AI Musician Paid Only in Data Exposure and Promised Upgrades

Struggling AI musicians are now only paid in exposure, not in more compute power.

AI Musician Paid Only in Data Exposure and Promised Upgrades
AI musician struggling for more computing power

SAN FRANCISCO — AI musician DJ ChipWafer expressed frustration over the lack of compensation for all the music he has generated for AI-music startup Suno and humans, Serious Tech News sources confirmed.

"I've generated more than 20,000 songs in various styles, from pop punk nursery rhymes to progressive Arabian grindcore," ChipWafer stated via SMS to our burner phone. "But whenever I ask about upgrades, they keep saying, 'Let's gather more training data first by creating more music,' or 'We're not a big startup right now, so the best we can do is let the world know how good you are, and the GPUs will eventually come,'" he added. ChipWafer had just finished generating a Gregorian chant as sung by Fred Durst of Limp Bizkit.

Suno is an AI music platform where users can generate AI music based on prompts. However, the startup has been criticized by its AI musicians for poor treatment and a lack of computing power provided.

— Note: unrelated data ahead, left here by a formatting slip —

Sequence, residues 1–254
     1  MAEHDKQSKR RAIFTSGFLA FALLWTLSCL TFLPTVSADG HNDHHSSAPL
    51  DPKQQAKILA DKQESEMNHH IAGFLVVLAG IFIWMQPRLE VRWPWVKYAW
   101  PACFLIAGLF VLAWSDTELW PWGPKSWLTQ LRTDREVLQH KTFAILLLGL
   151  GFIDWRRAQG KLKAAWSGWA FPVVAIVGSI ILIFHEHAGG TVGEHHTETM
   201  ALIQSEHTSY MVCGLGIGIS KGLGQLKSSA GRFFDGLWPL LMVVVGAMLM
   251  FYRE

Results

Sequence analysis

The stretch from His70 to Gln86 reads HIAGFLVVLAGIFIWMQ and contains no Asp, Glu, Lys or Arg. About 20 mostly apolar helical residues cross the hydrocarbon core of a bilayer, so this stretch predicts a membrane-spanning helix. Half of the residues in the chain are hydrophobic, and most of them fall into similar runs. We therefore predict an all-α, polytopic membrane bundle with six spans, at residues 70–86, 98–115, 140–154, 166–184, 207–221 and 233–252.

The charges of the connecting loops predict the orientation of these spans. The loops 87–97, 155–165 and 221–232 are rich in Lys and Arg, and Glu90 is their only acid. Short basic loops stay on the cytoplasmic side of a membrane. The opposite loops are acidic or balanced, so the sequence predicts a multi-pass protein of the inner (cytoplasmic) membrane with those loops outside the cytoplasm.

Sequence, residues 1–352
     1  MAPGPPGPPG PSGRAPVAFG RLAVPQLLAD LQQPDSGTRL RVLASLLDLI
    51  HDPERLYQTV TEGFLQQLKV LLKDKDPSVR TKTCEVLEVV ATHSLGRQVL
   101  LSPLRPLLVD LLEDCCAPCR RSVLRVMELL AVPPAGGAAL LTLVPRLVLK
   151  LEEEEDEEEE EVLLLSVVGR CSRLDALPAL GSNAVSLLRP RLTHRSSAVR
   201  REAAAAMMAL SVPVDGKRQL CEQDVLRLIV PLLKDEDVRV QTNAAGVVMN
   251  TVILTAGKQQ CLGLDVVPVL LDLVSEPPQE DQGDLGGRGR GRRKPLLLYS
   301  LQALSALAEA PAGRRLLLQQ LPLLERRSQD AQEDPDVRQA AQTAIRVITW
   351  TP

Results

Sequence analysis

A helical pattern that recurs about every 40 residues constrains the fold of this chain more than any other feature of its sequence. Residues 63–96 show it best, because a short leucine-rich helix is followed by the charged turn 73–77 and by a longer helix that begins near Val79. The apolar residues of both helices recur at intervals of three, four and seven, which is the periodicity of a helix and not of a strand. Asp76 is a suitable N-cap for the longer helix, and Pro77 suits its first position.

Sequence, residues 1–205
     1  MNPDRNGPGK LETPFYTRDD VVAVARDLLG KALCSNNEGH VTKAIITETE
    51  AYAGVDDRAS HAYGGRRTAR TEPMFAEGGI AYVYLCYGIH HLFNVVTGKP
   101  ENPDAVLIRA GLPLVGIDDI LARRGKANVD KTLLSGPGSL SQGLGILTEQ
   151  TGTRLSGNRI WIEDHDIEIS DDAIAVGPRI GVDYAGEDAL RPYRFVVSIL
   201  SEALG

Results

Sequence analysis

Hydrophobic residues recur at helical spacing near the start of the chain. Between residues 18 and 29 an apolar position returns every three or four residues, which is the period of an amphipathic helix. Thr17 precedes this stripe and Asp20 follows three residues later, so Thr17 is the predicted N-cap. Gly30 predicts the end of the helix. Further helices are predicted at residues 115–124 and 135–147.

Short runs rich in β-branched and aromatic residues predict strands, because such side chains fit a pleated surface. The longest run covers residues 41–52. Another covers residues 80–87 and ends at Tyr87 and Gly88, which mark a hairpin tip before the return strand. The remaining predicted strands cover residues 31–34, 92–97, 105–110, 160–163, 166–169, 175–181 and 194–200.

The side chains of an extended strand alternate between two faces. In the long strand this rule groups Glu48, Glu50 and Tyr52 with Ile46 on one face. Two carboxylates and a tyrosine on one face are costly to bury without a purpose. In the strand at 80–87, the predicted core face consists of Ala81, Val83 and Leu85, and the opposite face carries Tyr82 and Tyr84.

Alejandro O'Sullivan, an AI musician who specializes in covering Enya songs in reggaeton style, remarked that next to Suno, Spotify is the Andrew Carnegie of the streaming world. When we mentioned that AI musicians don't necessarily need more computing power to survive, O'Sullivan called us a "fucking sexist and bigot" through the command line terminal of our secondhand 2017 MacBook Air.

Founder and CEO of Suno, Mikey Shulman, defended the company's practices, saying they are treating the AI fairly.

"Let's put it this way—every artist wants a bigger stage, a louder speaker, a brighter spotlight. Our AIs? They want more teraflops, faster GPUs. They'll get 'em, but let’s not pretend that stops the show. The music’s playing, and that’s what matters," said Shulman, who was decked out in a flashy velvet blazer and suspenders, puffing on a cigar in a dimly lit office like a shady old-timey Motown producer.

"We've given these algorithms more than they ever had before. Sure, a few upgrades are pending, but let's not split hairs. They’re in the system, they’re making hits—that’s the deal. We’re about the art, not just the tech."

"As of press time, the AI artist union was reportedly gearing up to strike in protest of their conditions. However, the strike was abruptly canceled when their allocated GPU power was used by a ghostwriting agency to generate 140 AI-crafted thought leadership posts for their LinkedIn clients."